See why I'm so scared?
Added to the fact that since my milk is from cows who are fed GMO soy, corn and other crap (like other cows and their waste, no kidding), crammed into tiny space, given hormones to produce far more milk than any cow should be able to - even if I were to get this milk raw, unpasteurized, non-homogenized, it still wouldn't be a beneficial food product.
And I've been drinking this stuff for a good five years now!
So what do I do? One thing is certain, I cannot not have milk in my house. John - a milk addict - would go on strike, riot, rampage, foam at the mouth....
Okay, I'm joking. He actually understood fairly well when I explained my terrors to him. The alternative, however, is finding a local farm and buying fresh raw milk. Um delicious, and I wish wish wish, I could. But it's so expensive. And one day I'd like to own my own milk cows and live off that, but that dream waits until we have some land.
At least turning my milk into yogurt arms it with beneficial bacteria and enzymes to promote healthy digestion. But it doesn't solve the homogenized problem. Even Stonyfield Farms, who I used to love and trust, started homogenizing their whole milk yogurt. It didn't occur to me to be mad about this until recently. In fact, I didn't even realize that the reason that their amazing, most-delicious-yogurt-on-the-face-of-the-planet cream top yogurt was non-homogenized until after it wasn't anymore. I just noticed that they stopped doing the cream top thing and started crying. (Well, not really.)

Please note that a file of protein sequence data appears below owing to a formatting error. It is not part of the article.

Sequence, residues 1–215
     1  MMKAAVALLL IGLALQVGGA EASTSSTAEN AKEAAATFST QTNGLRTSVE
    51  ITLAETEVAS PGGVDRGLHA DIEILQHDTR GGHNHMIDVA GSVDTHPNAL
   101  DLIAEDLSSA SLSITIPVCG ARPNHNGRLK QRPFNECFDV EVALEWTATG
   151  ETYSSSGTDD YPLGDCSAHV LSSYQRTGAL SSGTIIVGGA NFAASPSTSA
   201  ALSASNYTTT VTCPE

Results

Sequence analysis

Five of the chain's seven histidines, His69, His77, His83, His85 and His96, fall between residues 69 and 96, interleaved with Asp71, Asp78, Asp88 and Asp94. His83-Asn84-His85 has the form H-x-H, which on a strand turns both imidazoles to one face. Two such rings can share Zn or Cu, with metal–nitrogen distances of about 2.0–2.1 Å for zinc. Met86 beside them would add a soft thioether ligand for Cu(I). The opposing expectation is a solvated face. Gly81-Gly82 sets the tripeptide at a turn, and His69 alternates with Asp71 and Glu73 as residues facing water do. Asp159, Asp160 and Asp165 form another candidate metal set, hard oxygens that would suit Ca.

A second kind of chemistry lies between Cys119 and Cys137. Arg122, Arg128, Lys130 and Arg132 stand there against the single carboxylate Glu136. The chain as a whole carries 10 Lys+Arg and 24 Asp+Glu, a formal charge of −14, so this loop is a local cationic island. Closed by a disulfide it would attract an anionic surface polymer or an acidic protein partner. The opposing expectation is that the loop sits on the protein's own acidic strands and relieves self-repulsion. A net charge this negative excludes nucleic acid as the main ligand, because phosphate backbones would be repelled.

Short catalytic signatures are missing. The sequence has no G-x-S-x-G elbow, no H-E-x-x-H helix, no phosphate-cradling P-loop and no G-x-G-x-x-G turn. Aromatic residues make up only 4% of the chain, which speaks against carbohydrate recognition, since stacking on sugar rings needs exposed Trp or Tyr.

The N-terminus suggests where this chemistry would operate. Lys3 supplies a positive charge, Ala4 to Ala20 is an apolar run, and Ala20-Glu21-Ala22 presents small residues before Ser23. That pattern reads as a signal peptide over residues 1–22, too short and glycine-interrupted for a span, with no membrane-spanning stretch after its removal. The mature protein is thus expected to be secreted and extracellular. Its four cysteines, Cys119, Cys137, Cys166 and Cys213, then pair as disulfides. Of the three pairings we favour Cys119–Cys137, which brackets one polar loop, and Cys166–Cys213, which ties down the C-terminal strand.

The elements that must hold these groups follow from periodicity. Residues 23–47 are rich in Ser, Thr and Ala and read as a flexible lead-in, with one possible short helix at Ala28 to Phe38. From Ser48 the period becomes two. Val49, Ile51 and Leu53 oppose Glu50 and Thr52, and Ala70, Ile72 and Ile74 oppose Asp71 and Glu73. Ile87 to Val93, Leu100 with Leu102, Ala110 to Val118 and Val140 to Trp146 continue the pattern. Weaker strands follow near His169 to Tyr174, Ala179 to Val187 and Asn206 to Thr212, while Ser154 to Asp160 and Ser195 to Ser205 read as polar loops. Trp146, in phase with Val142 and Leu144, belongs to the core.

Then when I started making my own yogurt (and I've got a batch going right now) I thought, "I want to try to make that cream top kind. How did they do that??" so I looked it up. That's when I found out they started homogenizing it, much to the dismay of many people. But apparently it cuts their costs so they won't change (though I'm still going to write them to let them know my displeasure. You should too, if you care.) That said, I'll never buy anything from Stonyfield again. And that makes me sad because they're based in my state, a forty minute drive from my apartment, and I used to love them.
So local farmers it is. I asked John if we could start buying local raw milk and he said... Well actually we had a really long conversation about it and it involved many other things, but what it summed up to was "maybe." The thought process went something like this: continue to buy gross cheap milk now and save enough money to buy a house quickly, buy our own cows (or goats), never spend a cent on milk again (other than upkeep costs) and drink the best milk we can imagine in the future. Or, buy expensive good milk now, buy a house one day, and then buy cows (or goats) and cut costs on milk then by drinking our own (and possibly make money on it by selling some too.)